With Burns Night looming, we ask what makes Rabbie relevant today

With Burns Night looming, we ask what makes Rabbie relevant today

Author Allan Wilson and academic Gerard Carruthers discuss the Bard's legacy

The Academic: Gerard Caruthers

Notoriously, Jeremy Paxman claimed that Robert Burns was a writer of doggerel. The Scottish poet may have written the odd bad line or even bad poem, but, at his best, he was a producer of great poetry and arguably his nation’s greatest songwriter.

Pop music comparisons can be trite but sometimes helpful: I have no embarrassment in saying Burns is Scotland’s Lennon and McCartney. The Bard wrote or collected and re-popularised around 400 songs to his 200 poems. Just as The Beatles invented English pop music so Burns invented – what should we call it, Scottish folk music? Perhaps, but there is an equally strong tradition of Burns in classical music. And some of the more recent ‘folk’ interpretations of Burns are marked by the strong influences of post-1960s pop: take Fred Freeman’s excellent collected recordings of all the songs, for instance, or the superb performances of Emily Smith or Karine Polwart.

Burns himself was no purist, open to interpretation and moving with the times.

One suspects that Paxman’s ignorant remarks have more to do with a conception of a fossilised Burns, dusted down for Hogmanay, peddling an obsolete Scots language and a backward-looking Scottish culture generally. In his poetry as in his songs, Burns was a commentator on both the most immediate and most lasting concerns of humankind. His defence of badly treated highlanders (not a typical lowland attitude for the times) or down and outs; his championing of the intellects of women (leaving aside for the moment his undeniable womanising); defending of the peasantry, of American ‘rebels’, of French Revolutionaries, and both Catholic and Protestant minorities make Burns a highly relevant creative and intellectual presence in 21st century Scotland and well beyond.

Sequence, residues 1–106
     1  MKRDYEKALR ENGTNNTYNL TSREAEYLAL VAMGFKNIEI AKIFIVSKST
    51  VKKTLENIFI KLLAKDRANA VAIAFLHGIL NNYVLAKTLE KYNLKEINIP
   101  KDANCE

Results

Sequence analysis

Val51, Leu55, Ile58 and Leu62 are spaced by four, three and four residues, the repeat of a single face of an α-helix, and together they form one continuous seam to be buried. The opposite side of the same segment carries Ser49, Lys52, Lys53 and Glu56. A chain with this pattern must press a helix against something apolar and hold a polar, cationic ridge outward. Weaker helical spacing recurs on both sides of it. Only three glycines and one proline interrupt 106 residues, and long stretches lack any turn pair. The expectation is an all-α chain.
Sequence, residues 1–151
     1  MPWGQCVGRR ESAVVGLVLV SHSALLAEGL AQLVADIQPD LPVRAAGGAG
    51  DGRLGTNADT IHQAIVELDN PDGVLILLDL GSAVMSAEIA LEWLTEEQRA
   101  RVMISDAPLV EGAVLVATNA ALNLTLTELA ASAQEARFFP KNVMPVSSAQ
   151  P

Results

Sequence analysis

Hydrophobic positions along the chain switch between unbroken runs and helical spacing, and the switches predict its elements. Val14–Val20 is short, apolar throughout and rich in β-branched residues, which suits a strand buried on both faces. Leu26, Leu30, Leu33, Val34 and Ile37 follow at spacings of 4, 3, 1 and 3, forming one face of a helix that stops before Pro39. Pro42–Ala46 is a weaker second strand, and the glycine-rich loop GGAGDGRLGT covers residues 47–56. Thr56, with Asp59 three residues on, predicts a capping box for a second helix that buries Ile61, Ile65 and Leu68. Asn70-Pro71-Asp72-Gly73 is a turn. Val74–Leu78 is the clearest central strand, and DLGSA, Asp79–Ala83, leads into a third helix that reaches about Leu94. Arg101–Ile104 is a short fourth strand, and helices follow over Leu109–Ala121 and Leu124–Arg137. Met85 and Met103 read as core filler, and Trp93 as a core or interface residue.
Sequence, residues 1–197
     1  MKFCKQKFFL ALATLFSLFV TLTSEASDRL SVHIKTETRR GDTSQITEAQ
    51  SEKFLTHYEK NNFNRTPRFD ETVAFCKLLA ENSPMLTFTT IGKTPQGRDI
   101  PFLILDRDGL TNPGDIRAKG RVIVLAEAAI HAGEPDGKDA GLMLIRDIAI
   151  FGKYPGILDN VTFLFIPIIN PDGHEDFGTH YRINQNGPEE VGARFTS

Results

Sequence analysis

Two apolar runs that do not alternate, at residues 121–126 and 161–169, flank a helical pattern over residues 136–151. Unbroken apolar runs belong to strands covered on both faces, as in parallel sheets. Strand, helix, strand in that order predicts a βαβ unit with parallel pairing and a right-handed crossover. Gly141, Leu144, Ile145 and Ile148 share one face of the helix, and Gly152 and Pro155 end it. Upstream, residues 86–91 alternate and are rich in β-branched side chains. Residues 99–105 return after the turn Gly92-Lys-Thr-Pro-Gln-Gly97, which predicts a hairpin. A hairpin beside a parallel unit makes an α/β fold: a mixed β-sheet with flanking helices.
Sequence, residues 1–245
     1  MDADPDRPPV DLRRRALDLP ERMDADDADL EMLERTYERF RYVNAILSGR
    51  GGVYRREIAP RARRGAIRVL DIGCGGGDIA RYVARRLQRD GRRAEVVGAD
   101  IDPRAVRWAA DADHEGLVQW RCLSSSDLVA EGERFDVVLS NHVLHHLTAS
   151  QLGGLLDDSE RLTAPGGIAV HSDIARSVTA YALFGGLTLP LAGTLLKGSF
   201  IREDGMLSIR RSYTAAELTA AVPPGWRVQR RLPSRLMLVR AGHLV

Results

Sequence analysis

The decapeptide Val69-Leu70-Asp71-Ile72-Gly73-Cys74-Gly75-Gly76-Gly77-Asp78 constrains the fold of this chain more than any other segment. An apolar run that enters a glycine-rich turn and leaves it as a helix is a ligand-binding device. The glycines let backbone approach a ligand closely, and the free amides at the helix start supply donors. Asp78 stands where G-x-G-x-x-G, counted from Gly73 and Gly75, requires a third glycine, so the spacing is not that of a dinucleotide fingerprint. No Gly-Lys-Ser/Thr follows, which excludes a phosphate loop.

Gerard Carruthers is General Editor of the new Oxford University Press edition of the Works of Robert Burns.

The Author: Allan Wilson

When we think about Robert Burns it can be quite hard to get past the iconic image. From primary school we’re taught that he’s shortbread and haggis and a handsome guy against a tartan backdrop. We learn his poems by heart and recite them in front of the class.

There’s that one about the wee mouse. How he killed that wee, sleekit mouse.

But like many historical greats, you could argue that Burns has been hijacked. I think he’d laugh at what he’s become. Either that or he’d get steaming and go mental. Either way, at the end of the night, he’d probably go home with a couple of women. I had an English teacher once who introduced him to our class as Scotland’s most rock’n’roll writer. He was trying to show the class that writing was cool – that language, words, stories were as much ours to claim as anyone’s.

And today, I see what he was getting at. Mr Beaton, you win. If you see me in the street then take me aside and issue me with a thousand lines: ‘Man to Man, the world o’er, Shall brothers be for a’ that.’

Something important is happening in Scottish literature right now. There’s a movement. It’s fresh and it’s angry. There are writers creating fiction in the same tradition as Burns did over 200 years ago. Check out the YouTube videos of William Letford reciting poetry like his life depends on it. Read Alan Bissett’s blistering attack on sectarianism in his latest novel Pack Men. People are writing about the community they know. The beauty and tragedy that exists in these lives. Burns realised that stories, poems and songs can liberate people, inspire them to question those with power. He shows us that our lives are as valuable in art as anyone’s.

Allan Wilson’s debut collection of writing, Wasted in Love, is out now published by Cargo.

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